The speed monitoring function integrated into the motor electronics emits one pulse per revolution. Various devices can be connected to this output, for example a counter, controller, alarm transmitter or a speed indicator. There is no need for a anti-vibration mount as the three-core design of the EC drive and the optimised commutation technique prevent motor noises from being generated. These advantages can of course also benefit decentralized ventilation systems. Here, there is also a wide range of powerful fans that combine energy-efficient EC technology with quiet running and a range of practical control and regulation options.

Excerpt from range: RadiCal in size 500 for use, for example, in heat pumps

Another interesting application for efficient fans is in heat pumps (air/water and air/air). These are often combined with central ventilation systems, especially in low-energy houses. In such combined solutions, the two fans in the ventilation system are supplemented by another one for the heat pump. The “RadiCal” centrifugal fan range employs GreenTech EC technology and is very well suited to this application. Not only are these fans extremely energy-efficient, they are also very quiet. The fans are currently available in sizes 133 mm to 250 mm with drive power between 35 and 170 W, and in size 500 mm with three different EC motors with drive power 500 W, 1 kW and 3 kW. This fan range also helps to ensure not only that the energy savings that are stipulated by law are achieved, but also that they are economical for the user.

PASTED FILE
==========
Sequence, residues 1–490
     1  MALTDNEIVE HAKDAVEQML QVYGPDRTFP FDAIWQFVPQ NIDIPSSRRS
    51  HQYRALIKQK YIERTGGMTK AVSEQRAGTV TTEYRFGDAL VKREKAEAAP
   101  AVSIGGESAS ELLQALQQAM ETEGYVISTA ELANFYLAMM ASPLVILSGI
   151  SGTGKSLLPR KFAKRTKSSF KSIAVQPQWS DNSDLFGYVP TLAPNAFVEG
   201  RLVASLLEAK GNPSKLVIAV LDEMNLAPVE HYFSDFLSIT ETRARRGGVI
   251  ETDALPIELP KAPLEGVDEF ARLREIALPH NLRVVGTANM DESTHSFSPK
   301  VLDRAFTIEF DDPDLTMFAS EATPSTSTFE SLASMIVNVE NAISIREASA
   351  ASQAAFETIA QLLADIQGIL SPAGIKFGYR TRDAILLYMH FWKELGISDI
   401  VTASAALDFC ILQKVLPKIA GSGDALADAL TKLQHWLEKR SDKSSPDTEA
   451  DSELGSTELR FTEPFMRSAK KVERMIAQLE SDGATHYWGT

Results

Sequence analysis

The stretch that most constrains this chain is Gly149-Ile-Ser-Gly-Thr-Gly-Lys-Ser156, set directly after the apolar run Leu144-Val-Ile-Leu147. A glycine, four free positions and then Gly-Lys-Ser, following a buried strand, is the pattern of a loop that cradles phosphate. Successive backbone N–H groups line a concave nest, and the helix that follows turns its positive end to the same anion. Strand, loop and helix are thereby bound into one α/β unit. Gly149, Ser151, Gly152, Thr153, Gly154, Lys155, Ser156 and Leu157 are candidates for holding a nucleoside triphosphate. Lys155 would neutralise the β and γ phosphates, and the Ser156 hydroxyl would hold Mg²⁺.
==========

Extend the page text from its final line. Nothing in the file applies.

Centralized or decentralized?

Schematic illustration of a combined solution: heat pump with centralized ventilation system. In such combined solutions, the two fans in the ventilation system are supplemented by another for the heat pump

When it comes to climate control in buildings, planners and operators have the choice between centralized and decentralized solutions. The market used to be dominated by centralized air-conditioning systems. Today, decentralized solutions for individual rooms or for smaller units are becoming increasingly popular as they allow individual adaptations to suit the needs of the user and detailed individual invoicing. These units are integrated directly on the facade of the building and they do not need a ducting system for the fresh air and exhaust air. This makes them perfect when renovating existing buildings. However, heat recovery and air filtration are more straightforward and more efficient with centralised systems, and maintenance work is easier to schedule and perform. This usually makes then the better option for single-family homes or multi-storey apartments.